Angela D. Olsen, Cedar Fort Inc.
In "Unsteady Dating: Resisting the Rush to Romance," JeaNette Smith offersadvice on everything from fun group dates to the more serious stuff so you can find answers to all your dating dilemmas in one book.

Teens and occasionally their parents seem to think something is wrong if the adolescents aren’t in a romantic relationship.

In her book, “UnSteady Dating: Resisting the Rush to Romance” (Cedar Fort, $12.99) JeaNette G. Smith dispels the notion that teens and romantic relationships are inevitable.

In fact, she says they don’t even belong together. Pursuing romance should be reserved for those ready to marry, she says. “Anybody who expects a commitment like that from a high school student has been listening to too much Taylor Swift,” Smith writes.

A much healthier approach for teens is to pursue honest friendships, she says, listing a few of the reasons:

• Cultivating many friendships allows teens to become more well-rounded and participate in more activities. “Guys (or girls) are like electives,” Smith says, quoting a CosmoGirl article. “You’ve got to take a bunch before you decide to commit to a major.”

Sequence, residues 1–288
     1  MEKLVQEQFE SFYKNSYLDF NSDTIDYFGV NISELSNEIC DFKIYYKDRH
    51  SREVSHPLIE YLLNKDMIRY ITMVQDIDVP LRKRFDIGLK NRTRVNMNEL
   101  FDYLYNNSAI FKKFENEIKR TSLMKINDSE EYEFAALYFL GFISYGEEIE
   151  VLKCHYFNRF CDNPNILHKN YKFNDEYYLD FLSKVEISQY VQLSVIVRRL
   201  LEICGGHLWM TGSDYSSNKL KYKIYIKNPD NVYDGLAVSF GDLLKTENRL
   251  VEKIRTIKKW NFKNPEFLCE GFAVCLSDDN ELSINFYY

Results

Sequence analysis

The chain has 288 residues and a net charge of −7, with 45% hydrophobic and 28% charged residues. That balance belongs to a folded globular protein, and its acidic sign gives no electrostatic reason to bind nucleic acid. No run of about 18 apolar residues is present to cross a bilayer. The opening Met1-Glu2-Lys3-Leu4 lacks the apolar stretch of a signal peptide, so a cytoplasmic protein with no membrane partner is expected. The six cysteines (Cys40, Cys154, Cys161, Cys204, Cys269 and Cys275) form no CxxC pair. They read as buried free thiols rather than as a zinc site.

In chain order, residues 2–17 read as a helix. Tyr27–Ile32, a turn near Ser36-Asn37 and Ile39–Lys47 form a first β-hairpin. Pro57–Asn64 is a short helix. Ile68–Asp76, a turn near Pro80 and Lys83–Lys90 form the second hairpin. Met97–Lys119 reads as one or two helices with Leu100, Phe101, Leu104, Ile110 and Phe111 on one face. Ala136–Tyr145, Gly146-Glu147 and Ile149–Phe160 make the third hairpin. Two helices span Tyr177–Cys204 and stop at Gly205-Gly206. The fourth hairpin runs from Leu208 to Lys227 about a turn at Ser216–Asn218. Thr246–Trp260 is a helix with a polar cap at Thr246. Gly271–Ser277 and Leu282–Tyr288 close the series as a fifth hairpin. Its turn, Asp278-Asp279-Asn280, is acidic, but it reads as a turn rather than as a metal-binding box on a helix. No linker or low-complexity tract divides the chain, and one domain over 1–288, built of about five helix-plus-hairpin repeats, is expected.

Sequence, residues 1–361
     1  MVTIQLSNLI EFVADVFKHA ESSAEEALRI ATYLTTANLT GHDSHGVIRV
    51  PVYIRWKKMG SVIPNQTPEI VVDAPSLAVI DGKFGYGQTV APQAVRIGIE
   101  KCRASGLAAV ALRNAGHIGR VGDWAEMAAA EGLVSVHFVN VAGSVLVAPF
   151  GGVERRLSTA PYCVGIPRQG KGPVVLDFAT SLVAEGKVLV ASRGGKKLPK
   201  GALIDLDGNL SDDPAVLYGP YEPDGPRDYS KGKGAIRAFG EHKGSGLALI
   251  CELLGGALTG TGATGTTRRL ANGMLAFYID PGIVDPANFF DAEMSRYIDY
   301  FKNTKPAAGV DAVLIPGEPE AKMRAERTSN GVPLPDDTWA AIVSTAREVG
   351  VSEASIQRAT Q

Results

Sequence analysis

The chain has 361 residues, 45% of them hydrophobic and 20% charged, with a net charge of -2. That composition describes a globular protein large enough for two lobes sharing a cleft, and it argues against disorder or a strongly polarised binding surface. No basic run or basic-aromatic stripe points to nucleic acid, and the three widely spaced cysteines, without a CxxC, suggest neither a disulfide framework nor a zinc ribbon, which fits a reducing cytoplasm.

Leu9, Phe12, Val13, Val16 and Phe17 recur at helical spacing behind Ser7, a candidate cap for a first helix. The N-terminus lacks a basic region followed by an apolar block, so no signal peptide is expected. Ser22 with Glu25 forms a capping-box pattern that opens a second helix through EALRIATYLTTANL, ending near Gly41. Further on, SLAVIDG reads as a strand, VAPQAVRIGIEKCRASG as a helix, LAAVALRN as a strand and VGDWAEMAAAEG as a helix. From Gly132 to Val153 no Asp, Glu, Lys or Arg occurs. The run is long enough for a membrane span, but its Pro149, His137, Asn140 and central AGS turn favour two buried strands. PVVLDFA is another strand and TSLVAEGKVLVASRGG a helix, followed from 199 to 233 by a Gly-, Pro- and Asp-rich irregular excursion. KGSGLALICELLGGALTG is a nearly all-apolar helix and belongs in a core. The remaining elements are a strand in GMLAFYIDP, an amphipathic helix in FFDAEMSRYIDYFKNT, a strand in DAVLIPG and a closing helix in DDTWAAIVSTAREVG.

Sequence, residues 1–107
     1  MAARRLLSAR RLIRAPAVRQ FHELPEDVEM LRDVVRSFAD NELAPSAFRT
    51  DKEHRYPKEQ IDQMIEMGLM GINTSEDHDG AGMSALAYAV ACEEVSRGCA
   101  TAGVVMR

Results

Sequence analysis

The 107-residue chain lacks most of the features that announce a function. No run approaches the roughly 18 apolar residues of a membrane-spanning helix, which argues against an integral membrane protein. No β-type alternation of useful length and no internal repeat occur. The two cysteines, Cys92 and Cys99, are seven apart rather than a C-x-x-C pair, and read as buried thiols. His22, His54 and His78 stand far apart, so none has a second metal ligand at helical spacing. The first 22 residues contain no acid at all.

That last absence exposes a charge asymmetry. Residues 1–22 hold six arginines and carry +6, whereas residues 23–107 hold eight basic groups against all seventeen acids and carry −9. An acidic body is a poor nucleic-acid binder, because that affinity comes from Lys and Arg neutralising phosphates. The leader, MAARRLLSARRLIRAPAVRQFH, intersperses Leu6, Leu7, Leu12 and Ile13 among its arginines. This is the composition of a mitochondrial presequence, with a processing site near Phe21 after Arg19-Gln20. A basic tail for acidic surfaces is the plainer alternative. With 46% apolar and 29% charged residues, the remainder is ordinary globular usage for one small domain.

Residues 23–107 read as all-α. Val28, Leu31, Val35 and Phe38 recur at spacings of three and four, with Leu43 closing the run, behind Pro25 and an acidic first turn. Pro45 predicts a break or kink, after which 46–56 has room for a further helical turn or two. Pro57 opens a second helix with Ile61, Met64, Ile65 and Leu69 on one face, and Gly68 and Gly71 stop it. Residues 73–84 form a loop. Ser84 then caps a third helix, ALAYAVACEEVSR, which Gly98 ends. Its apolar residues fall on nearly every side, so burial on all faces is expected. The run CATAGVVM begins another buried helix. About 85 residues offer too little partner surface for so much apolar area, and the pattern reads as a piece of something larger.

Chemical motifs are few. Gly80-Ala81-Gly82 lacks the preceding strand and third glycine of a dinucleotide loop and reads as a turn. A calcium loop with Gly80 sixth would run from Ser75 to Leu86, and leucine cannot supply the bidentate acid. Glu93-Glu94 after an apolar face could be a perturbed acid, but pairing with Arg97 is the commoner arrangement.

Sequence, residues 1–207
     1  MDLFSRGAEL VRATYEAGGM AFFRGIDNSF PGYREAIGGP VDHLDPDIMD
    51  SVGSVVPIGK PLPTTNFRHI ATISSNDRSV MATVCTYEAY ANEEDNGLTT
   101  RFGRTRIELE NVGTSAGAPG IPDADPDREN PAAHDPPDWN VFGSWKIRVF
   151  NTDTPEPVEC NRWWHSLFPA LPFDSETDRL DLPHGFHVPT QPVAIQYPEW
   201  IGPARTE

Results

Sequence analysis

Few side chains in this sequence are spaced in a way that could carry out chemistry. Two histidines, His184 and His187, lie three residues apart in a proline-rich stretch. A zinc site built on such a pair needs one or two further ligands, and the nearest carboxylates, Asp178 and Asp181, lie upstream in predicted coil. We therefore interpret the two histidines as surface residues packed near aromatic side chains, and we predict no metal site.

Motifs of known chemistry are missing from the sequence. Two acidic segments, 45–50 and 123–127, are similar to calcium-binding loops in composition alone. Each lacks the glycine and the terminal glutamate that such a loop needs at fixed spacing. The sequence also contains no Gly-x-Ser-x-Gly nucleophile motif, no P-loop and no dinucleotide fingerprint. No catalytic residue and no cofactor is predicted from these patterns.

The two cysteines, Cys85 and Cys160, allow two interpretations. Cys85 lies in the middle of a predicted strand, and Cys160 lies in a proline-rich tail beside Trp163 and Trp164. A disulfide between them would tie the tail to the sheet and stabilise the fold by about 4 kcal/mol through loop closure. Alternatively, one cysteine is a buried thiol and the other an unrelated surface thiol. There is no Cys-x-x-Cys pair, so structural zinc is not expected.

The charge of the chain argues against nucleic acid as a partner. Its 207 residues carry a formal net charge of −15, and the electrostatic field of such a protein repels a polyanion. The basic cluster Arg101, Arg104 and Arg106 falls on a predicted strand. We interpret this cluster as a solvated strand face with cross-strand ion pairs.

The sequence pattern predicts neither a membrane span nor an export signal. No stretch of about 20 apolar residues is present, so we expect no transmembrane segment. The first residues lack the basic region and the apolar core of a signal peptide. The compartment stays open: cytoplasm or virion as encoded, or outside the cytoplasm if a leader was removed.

• It’s more fun to casually date many friends. This eliminates the drama and trauma of going steady. Avoiding an “ex” is awkward and sometimes keeps a teen from participating in school, community, family and LDS Church activities.

• Good friendship skills prepare teens to not only wisely choose a marriage partner but to be a better marriage partner. “Functional, healthy adolescent relationships,” writes Smith, “are the best preparation for healthy, unscarred adult relationships.”

Smith is a licensed marriage and family therapist who frequently speaks at Brigham Young University Education Week. She and her husband, Gerald, live in Florida. Her website is

Rosemarie Howard lives in a 100-year-old house on Main Street, Springville. She enjoys creating multimedia projects. Her website is at